Transcript from the "Testing Custom Hooks" Lesson
>> All right, we're gonna test our custom hook next. So let's make a new file here. It's gonna be called usebreedList.test.JS. We're gonna need that, bring that pragma over, that's a color pragma. It's like a comment at the top that means that something's special. Import, expect, and test from up @jest/global.
[00:00:40] Import render from @testinglibrary/react. And import useBreedList from ../useBreedList. So I wanna write a tests that test to make sure that useBreedList works correctly. The problem with that breedList is that it has a hook, right? Hooks can only run inside of react components. So how do we test that?
[00:01:19] Well, we're gonna make a fake react component. So I'm gonna write a function here that says, getBreedList. And it's gonna take an animal. Say Let List, Function TestComponent. List is gonna be equal to useBreedList with animal. And then it's just gonna return null. React components that return null just don't render anything, right, which that's a valid thing to return in react.
[00:02:05] I'm gonna render TestComponent, And then I'm gonna return List. So now I have this function that I can call, that basically renders a dummy component, runs a custom hook in there, pulls that out and returns it. We're very much dangerously toeing the line of, we're testing implementation details now, right?
[00:02:33] But I also argue that testing your custom hook is a valid thing to do. And this is the only way that we can get something out of a hook. So let's write a test that uses that, gives an empty List with no animal. A sink blah is equals that, const breedList status equals getBreedList with nothing, right, we're not gonna give it anything, expect breedList toHaveLength 0.
[00:03:18] And expect status toBe unloaded. That passes. So again, I grant you, this is very strange. In fact, there's a way easier way to do this. I had to do it the hard way to just see that, I'm gonna show you a little tester thing that we can do, our little tester library that we can use.
[00:03:55] That basically does this for you under the hood, but it just hides all the implementation details for you. So stop your tests here for just a second and I want you to npm install -D. This is testing-Libraryemail@example.com. Okay, this is just a little tiny helper that does exactly what we just did for us.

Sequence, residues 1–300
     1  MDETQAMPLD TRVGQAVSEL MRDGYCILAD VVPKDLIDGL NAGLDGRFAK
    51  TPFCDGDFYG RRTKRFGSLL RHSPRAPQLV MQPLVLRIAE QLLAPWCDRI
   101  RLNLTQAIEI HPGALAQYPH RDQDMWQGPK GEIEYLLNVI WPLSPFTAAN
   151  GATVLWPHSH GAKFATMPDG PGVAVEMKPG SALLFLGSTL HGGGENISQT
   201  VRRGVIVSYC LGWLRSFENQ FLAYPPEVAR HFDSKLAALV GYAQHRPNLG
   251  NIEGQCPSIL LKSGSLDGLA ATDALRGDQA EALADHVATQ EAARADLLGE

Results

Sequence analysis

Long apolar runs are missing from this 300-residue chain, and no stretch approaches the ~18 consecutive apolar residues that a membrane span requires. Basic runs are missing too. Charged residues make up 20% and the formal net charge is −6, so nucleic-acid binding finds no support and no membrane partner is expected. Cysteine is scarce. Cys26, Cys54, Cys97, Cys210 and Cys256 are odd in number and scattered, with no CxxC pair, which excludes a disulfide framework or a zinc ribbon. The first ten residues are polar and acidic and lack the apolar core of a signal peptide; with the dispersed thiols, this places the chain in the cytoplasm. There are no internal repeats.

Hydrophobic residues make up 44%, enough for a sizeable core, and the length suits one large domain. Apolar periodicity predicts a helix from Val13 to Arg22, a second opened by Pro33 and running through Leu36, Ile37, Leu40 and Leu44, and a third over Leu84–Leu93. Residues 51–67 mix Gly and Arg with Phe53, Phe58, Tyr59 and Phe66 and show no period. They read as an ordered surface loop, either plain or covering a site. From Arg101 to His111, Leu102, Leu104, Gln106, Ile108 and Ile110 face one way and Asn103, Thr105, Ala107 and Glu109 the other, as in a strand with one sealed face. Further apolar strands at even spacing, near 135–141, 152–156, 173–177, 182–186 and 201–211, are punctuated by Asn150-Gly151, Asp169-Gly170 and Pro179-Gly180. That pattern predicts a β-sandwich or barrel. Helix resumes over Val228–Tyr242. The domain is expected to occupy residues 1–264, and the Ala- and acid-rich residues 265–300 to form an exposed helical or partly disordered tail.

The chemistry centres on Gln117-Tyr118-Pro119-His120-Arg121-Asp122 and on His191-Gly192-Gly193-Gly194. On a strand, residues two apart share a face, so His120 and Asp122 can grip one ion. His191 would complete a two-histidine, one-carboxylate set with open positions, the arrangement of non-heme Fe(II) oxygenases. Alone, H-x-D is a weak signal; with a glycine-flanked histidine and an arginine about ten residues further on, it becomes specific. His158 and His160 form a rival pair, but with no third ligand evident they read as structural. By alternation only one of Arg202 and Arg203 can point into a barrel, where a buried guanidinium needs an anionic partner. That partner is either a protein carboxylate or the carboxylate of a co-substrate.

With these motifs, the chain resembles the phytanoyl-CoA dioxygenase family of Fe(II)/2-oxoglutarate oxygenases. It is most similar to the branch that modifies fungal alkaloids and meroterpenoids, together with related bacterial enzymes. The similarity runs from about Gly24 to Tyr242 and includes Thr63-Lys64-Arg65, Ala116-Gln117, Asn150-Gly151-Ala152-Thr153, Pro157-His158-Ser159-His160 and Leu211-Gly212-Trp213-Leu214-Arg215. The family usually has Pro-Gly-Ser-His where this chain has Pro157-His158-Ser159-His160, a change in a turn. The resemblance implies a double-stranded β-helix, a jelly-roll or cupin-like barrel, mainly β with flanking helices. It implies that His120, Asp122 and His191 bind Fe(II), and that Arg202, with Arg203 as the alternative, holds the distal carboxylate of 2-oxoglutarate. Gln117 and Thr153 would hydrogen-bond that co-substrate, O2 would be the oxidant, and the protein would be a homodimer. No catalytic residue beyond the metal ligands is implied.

[00:04:30] Okay and then we can put back on here npm run test go and watch to get that back. And I'll just minimize that for a second. Okay, and then here, we're gonna get render hook and we're gonna get that from react dash hook. So this is another little tester helper function that we can do specifically for a custom hook.
[00:04:53] So you can delete all of this get read list stuff. Deleting code is my favorite thing. Okay, and then you just have to do basically const result equals renderhook, and you give it a function, That it's going to run inside of a react context. So use BreedList with nothing or empty string, either one of those, that's fine.
[00:05:30] And then here we'll just say const breedList, comma status, =result. Result is not inferable. Result.current, sorry. There we go. That's got a lot easier to read, right? You don't have to have that entire helper function that we are gonna have to maintain. So basically this is just going to be run inside of a react component context so that all this stuff can happen.
[00:06:17] And then it's gonna give you back a result, you're gonna pull out a result.current. Whatever you expect it to get out of that hook, this is a really nice helper function for testing react hooks. Cool, any questions about that? One of the points of making your own custom hooks is that this is testable now, right?
[00:06:38] We can pull them out and test them really well. So if you're making custom hooks, you shouldn't write tests for them.